Global investors are queuing up to acquire stressed assets or debt of troubled companies in India if the spate of announcements in the space is anything to go by.
Piramal Enterprises Ltd, Bain Capital Credit, Apollo Global Management and Brookfield Asset Management Inc. are among those looking to collectively invest at least $2 billion to buy stressed assets in the country.
Most recently, Canadian pension fund Caisse de Dépôt et Placement du Québec (CDPQ) signed a long-term partnership with Edelweiss Financial Services Ltd to invest approximately Rs5,000 crore (nearly $750 million) in stressed assets and specialized corporate credit in India, over the next four years.
Last month, Renuka Ramnath-led PE fund Multiples Alternate Asset Management Pvt. Ltd told Mint it is in the process of venturing into stressed assets investment.
Besides, private equity funds such as KKR and Co., Hong Kong-based SSG Capital Management and International Finance Corp. (IFC), have already acquired stakes in existing asset reconstruction companies (ARCs) to buy bad loans.
The funds are expecting distressed asset investment opportunities to increase in India over the next few years.
These funds are considering buying companies which are unable to pay their debt, hoping to restructure them to make them profitable.
Some investors are looking to buy troubled loans and sell them later at a profit, or converting them into equity once the companies are restructured.
“Special Situations funds and distressed funds are increasingly seeing meaningful investment opportunities in India today. Restructuring of debt/interest payouts and provision of working capital as the case requires results in these assets becoming operational. Funds have put in experienced management teams and unlocked operations with a more benign debt repayment schedule which will result in some remarkable turnaround stories,” said Manisha Girotra, chief executive officer, global investment bank Moelis and Co. India.
Stressed assets include both non-performing loans (NPLs)—defined as those that have not been serviced for 90 or more days—and restructured or rolled over loans, where banks have eased interest rates or the repayment period.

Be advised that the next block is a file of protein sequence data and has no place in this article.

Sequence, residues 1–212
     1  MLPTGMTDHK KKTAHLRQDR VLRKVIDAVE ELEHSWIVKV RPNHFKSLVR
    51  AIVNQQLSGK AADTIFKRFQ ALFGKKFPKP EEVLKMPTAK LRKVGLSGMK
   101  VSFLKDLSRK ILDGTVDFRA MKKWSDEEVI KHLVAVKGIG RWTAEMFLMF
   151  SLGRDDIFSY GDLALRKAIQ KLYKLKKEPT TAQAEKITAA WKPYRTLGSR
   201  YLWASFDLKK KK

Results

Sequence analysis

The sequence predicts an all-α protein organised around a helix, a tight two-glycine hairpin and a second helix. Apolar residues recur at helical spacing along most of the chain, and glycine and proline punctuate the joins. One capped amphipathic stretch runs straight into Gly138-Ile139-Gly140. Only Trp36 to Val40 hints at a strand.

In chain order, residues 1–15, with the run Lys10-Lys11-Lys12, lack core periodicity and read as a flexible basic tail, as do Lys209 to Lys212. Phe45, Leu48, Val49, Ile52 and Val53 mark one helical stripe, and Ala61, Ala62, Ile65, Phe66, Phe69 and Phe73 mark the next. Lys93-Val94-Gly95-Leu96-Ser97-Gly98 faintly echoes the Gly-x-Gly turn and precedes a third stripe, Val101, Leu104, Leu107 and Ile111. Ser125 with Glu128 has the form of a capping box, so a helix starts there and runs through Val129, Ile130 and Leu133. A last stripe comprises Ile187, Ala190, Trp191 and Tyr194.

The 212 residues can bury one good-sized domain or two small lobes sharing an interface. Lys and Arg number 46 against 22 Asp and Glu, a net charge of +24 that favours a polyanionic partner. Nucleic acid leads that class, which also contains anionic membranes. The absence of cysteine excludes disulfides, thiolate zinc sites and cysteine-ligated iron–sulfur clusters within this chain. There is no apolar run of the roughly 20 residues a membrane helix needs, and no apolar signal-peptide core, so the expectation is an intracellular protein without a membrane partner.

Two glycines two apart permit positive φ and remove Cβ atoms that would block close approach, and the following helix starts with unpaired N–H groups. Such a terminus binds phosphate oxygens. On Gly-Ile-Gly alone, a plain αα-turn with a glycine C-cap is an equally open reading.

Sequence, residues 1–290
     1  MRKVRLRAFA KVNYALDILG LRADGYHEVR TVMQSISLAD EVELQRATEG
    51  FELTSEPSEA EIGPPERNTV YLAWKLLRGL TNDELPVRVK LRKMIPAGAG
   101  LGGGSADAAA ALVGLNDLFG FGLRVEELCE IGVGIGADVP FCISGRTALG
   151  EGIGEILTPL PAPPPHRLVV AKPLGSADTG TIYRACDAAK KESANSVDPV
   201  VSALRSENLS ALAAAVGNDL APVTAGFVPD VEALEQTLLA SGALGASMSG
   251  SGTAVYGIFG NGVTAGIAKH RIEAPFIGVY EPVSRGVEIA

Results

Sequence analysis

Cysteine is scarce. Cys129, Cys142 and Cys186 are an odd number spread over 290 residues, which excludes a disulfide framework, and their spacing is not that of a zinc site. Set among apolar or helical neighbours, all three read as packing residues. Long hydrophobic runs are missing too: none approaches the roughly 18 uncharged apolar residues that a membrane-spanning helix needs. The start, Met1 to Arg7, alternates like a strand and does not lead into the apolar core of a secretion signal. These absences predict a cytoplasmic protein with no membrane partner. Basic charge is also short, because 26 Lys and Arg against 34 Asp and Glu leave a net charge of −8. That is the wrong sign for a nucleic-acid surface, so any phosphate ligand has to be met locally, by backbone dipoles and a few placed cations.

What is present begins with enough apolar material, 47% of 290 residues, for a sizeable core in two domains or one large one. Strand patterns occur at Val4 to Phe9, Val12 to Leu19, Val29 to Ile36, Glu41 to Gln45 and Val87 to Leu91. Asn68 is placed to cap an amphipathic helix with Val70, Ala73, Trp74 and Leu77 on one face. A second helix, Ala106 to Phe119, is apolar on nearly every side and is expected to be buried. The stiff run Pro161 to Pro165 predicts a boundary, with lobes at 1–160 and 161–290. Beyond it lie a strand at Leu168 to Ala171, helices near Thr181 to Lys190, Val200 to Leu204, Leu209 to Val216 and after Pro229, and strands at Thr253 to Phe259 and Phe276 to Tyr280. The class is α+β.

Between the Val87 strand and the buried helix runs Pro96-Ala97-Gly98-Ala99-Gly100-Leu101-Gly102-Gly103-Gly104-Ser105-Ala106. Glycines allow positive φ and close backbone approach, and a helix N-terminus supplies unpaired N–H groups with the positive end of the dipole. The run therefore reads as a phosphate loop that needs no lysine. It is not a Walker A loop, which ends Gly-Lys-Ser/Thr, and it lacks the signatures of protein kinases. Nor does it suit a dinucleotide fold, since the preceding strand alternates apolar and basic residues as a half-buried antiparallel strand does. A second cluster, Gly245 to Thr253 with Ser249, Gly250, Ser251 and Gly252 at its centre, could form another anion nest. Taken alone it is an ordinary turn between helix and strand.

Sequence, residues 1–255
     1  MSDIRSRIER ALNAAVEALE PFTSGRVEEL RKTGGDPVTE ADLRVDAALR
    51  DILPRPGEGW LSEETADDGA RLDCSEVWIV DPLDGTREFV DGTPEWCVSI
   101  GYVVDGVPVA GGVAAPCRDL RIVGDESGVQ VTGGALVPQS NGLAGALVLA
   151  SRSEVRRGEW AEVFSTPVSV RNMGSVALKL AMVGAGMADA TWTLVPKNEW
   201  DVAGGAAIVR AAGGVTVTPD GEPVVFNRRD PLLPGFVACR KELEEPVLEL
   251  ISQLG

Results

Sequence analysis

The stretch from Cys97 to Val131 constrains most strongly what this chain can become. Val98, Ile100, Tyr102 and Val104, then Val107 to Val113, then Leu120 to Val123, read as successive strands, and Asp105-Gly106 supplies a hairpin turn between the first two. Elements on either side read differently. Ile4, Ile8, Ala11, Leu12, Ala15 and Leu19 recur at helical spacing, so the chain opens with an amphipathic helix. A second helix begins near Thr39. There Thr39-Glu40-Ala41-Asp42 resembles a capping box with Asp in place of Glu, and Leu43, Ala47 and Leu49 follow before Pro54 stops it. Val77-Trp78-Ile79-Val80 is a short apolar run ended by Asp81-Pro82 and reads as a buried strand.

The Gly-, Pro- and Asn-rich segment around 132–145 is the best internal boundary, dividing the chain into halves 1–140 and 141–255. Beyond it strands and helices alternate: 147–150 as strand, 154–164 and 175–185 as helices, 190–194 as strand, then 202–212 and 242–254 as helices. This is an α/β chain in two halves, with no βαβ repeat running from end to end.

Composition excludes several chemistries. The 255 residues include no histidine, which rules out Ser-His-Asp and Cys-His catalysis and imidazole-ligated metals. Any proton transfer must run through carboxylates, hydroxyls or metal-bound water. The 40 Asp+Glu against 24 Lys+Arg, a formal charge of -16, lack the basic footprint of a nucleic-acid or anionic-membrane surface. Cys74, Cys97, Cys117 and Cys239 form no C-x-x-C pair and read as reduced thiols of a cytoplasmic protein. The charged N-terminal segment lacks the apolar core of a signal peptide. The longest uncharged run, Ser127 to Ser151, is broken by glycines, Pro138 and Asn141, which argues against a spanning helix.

To clean up balance sheets, banks will need to sell these loans to asset reconstruction firms and distressed asset funds.
“In India, implementation of the bankruptcy code, ongoing streamlining of regulatory and approval processes, (and) stronger labour laws will result in an active stream of alternate capital entering India to take control of distressed situations and produce turnaround stories,” Girotra added.
The new bankruptcy law, which significantly changes the investing environment, in particular, is also expected to help investors and make it easier to wind up a business and strengthen the rights of debt holders. “The key question is whether the underlying operations can be turned around, and with the Indian economy back on the growth track, a friendly regime for business, and no significant global upheavals expected, the conviction on part of the investors is higher than ever. Without a doubt, India stands out from among the BRICS at the moment, and many other emerging markets,” said Sanjeev Krishan, partner and leader-private equity and transaction services, PricewaterhouseCoopers Pvt. Ltd.
To be sure, while several funds have announced intent to invest, not many deals have happened yet.
“Admittedly, turning around businesses is not an easy proposition—at the same time, the joint approach where a global investor joins hands with a large Indian business house would be helpful, in particular providing the local market expertise. In addition, most of the last funds have deep operating expertise these days, so a combination like this is best positioned to turn assets around,” Krishan added.